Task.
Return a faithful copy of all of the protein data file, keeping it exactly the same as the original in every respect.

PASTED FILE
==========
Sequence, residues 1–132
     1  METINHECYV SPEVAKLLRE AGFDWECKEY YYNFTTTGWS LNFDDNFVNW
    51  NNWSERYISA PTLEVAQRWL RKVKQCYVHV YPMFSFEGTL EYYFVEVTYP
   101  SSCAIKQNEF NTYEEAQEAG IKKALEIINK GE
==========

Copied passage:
Sequence, residues 1–132
     1  METINHECYV SPEVAKLLRE AGFDWECKEY YYNFTTTGWS LNFDDNFVNW
    51  NNWSERYISA PTLEVAQRWL RKVKQCYVHV YPMFSFEGTL EYYFVEVTYP
   101  SSCAIKQNEF NTYEEAQEAG IKKALEIINK GE